Young children and adults differ in many ways. The latter descriptions illustrate one important difference, however - the ability to delay gratification. One of the longest running, most famous, and to me, most interesting lines of research in the field of psychology has been conducted on delay of gratification. Today I will define this construct and explain how we quantify this ability in childhood. In future posts I’ll tell you about why delay of gratification matters and I’ll describe what helps or hurts us when we try to delay.
What is delay of gratification exactly?
This is the ability to forgo an immediate, but less desirable reward (e.g. Jersey Shore), in order to obtain a delayed, but more desirable reward later (e.g. getting into college). As I mentioned at the outset, with age we all get better at delay of gratification. Nevertheless, if we look within an age group, people differ in how well they can delay. I'm sure you can think of some friends who find it nearly impossible to study for a midterm, and others who spend their lives at the library in order to get into med school. Interestingly, individual differences in delay ability emerge in early childhood, and as I intimated, these differences in childhood predict important outcomes in later life.
How do we measure this ability in children?
Quick caveat: As I mentioned in the Psych Your Mind about the blogger section, I do some research on delay of gratification myself. Thus, I am intimately familiar with this paradigm. Let me just say, it’s a blast to watch kids do this task. Parents seem to think so as well.
Start by picturing the room. It’s completely bare. No posters, no books, no games. It doesn’t look like a place where children hang out. In the center of the room is a desk with a chair. On the desk is a bell.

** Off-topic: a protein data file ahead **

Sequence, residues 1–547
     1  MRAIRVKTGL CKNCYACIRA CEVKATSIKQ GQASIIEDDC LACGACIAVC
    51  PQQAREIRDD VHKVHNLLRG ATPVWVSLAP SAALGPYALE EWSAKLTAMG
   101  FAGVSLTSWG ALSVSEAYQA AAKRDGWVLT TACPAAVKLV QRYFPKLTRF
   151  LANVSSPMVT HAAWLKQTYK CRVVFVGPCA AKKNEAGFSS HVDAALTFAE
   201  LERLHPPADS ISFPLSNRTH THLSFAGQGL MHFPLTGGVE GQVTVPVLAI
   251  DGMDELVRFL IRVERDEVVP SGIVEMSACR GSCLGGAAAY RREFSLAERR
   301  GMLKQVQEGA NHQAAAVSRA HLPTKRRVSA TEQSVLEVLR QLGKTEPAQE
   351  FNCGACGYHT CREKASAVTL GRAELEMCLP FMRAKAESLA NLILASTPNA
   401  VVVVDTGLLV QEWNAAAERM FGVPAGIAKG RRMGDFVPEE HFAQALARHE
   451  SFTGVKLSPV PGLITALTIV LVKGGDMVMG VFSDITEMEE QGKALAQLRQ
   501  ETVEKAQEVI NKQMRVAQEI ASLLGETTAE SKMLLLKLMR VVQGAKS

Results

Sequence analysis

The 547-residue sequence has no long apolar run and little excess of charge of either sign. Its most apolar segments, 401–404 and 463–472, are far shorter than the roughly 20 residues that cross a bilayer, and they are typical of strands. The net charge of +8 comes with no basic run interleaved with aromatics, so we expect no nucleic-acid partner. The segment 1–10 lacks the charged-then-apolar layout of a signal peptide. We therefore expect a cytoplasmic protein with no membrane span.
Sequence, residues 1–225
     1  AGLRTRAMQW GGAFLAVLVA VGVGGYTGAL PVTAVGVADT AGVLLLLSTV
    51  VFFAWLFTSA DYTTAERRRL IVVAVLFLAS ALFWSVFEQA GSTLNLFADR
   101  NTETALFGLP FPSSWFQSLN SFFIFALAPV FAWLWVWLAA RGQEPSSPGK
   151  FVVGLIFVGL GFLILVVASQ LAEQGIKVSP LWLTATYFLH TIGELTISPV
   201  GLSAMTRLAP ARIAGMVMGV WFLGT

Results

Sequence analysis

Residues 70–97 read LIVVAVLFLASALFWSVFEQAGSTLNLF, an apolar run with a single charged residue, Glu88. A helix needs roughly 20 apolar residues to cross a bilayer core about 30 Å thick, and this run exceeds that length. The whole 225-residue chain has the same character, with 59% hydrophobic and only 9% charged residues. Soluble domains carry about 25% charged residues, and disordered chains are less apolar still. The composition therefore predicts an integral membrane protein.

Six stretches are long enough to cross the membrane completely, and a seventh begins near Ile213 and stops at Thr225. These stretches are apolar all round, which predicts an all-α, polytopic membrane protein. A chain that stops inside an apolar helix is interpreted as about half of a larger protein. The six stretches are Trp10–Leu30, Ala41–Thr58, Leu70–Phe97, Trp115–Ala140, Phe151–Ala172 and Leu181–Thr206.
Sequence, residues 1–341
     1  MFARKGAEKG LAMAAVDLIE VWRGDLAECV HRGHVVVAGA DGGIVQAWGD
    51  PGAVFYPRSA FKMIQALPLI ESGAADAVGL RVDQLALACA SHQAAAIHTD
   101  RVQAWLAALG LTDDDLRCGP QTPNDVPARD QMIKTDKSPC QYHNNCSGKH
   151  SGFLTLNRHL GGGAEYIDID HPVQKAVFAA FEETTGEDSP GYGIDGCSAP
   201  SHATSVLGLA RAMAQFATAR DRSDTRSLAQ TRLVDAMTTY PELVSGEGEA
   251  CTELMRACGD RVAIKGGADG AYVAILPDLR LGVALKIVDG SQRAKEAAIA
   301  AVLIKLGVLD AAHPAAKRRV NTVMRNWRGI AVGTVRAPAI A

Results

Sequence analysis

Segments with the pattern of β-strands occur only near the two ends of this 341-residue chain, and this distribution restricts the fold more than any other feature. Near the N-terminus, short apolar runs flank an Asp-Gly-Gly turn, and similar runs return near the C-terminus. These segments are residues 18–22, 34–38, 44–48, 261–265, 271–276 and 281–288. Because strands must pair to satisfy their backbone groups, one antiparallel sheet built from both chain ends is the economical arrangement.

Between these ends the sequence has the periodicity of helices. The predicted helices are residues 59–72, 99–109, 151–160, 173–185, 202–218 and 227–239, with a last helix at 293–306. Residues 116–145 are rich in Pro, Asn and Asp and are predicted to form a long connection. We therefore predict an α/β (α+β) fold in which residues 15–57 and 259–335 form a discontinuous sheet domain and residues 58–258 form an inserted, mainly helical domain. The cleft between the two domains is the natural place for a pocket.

Once the child establishes preference for the larger reward, the experimenter explains the contingencies of the task. “I have to go outside to set up for the next game. If you can wait until I come back all by myself, without eating any of the cookies, or leaving your seat, you can have two cookies. If, however, you decide you don’t want to wait, you can ring the bell to bring me back. BUT…if you ring the bell you can only have one cookie.”
Think about how hard this task is for a five year old. Fifteen long minutes with nothing to do. Tempting, delicious, enticing cookies sitting right there. Do you get tired of waiting, ring the bell, and get just ONE cookie? Or...do you try to keep going and going to the end and get TWO? That’s delay of gratification at its finest!
This task is pretty silly right? There are bells and cookies or marshmallows or pretzels. You might be thinking that I’m a fool, or even wicked, to have spent hours upon hours running children through this paradigm. Next week, however, I’ll tell you about all the cool and important outcomes that performance on this task predicts. Stay tuned.
As a child could you have waited 25 minutes to get two cookies? Take a guess, what do you think performance on this task predicts?